Each state or territory has a code of professional conduct dictating rules of ethics. These may be adopted by the respective state legislatures and/or judicial systems. The American Bar Association has promulgated the Model Rules of Professional Conduct which, while formally only a recommendation by a private body, have been influential in many jurisdictions. The Model Rules address many topics which are found in state ethics rules, including the client-lawyer relationship, duties of a lawyer as advocate in adversary proceedings, dealings with persons other than clients, law firms and associations, public service, advertising, and maintaining the integrity of the profession. Respect of client confidences, candor toward the tribunal, truthfulness in statements to others, and professional independence are some of the defining features of legal ethics.
Law schools in the United States are required to offer a course in professional responsibility, which encompasses both legal ethics and general matters of professionalism that do not present ethical concerns.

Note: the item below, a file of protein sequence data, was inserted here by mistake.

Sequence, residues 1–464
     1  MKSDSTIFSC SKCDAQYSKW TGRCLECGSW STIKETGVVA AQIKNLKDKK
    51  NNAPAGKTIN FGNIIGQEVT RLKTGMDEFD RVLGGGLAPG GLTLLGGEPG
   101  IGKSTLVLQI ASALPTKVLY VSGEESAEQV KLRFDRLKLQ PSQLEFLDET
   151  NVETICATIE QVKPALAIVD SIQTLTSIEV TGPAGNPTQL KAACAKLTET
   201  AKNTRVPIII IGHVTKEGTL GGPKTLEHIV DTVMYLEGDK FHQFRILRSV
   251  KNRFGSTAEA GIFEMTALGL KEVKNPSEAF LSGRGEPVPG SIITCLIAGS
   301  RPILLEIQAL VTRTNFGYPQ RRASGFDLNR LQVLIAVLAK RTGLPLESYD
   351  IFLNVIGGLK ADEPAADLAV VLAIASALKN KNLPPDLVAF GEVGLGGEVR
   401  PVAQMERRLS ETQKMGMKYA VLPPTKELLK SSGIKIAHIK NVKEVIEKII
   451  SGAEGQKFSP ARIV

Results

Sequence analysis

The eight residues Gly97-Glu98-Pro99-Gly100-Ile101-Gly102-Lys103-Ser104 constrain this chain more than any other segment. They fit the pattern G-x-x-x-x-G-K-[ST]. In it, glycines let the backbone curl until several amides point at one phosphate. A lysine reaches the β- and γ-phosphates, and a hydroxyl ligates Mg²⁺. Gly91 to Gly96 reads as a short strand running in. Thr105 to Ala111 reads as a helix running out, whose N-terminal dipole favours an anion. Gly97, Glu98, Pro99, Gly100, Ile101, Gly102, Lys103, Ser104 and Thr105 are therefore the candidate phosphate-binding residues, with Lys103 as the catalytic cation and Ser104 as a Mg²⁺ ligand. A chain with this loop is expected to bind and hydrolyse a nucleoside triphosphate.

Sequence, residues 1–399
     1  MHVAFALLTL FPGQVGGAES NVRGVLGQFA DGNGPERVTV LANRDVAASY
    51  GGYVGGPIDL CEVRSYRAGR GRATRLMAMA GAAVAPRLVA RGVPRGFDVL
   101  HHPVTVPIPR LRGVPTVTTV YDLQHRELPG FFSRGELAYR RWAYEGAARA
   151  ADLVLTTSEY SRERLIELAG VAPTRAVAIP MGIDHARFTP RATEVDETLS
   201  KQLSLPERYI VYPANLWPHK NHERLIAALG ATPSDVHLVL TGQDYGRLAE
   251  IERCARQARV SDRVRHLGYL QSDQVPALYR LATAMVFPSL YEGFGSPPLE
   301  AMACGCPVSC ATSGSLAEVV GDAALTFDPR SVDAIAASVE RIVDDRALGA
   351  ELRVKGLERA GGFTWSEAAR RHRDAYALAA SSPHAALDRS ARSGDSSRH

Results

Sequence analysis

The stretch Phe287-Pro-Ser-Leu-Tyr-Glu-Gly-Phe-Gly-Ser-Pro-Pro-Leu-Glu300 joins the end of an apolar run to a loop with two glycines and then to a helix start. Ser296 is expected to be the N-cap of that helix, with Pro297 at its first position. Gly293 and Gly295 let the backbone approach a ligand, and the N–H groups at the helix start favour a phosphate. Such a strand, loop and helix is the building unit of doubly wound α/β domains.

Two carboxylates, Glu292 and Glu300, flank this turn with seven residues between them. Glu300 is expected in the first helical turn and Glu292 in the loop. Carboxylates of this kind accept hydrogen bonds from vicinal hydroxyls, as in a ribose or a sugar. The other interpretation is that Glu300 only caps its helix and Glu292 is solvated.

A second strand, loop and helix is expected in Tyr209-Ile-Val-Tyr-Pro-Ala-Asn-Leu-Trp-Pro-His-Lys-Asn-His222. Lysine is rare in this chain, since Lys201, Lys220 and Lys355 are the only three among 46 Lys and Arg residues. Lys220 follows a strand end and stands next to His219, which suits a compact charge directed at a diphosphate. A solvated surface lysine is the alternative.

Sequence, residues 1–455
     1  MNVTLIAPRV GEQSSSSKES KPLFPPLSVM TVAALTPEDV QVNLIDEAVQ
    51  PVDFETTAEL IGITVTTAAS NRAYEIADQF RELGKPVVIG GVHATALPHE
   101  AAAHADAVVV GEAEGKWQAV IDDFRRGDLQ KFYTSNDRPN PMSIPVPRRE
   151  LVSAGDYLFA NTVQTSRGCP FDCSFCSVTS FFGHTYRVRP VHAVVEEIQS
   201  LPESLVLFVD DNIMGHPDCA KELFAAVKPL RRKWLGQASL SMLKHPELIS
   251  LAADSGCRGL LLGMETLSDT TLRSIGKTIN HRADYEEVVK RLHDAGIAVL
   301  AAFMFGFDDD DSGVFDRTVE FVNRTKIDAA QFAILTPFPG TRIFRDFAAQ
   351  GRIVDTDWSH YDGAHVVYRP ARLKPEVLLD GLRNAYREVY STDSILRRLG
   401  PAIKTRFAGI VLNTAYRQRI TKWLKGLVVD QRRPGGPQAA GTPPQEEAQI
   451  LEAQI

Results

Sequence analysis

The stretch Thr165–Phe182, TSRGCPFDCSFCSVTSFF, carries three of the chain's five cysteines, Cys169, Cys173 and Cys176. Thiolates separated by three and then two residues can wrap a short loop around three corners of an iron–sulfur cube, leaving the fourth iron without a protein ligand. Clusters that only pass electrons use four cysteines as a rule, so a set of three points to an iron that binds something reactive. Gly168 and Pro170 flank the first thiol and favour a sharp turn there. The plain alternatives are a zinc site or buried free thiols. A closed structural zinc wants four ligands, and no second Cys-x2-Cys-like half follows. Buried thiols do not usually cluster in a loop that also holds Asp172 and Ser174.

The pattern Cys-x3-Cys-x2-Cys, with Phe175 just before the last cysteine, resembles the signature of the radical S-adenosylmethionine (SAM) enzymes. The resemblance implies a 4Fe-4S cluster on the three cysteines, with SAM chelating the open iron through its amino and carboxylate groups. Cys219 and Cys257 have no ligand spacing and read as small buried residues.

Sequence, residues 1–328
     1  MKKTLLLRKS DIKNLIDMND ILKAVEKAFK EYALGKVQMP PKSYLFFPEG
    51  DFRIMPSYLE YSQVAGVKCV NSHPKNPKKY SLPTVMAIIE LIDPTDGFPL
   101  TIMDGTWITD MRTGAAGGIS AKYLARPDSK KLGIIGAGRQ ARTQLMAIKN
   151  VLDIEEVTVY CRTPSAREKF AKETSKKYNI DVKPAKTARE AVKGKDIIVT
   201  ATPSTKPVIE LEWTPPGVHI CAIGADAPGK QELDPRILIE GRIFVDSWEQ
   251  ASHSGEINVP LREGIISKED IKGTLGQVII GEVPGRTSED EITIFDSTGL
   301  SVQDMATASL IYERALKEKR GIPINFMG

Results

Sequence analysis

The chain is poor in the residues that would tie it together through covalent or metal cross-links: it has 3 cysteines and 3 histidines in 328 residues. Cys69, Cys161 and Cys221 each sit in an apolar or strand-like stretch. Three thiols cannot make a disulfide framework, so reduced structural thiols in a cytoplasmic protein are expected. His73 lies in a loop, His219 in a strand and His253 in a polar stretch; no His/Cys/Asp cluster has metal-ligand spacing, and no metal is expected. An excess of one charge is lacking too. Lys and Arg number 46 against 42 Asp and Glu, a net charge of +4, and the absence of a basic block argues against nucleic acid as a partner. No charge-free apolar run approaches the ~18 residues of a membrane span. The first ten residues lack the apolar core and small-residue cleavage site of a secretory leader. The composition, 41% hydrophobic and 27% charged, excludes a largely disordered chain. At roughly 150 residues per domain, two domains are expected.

What is Consequentialism?

This array of alternatives raises the question of which moral theories count as consequentialist (as opposed to deontological), and why. In actual usage, the term ’consequentialism‘ seems to be used as a family resemblance term to refer to any descendant of classic utilitarianism that remains close enough to its ancestor in the important respects. Of course, different philosophers see different respects as the important ones. Hence, there is no agreement on which theories count as consequentialist under this definition.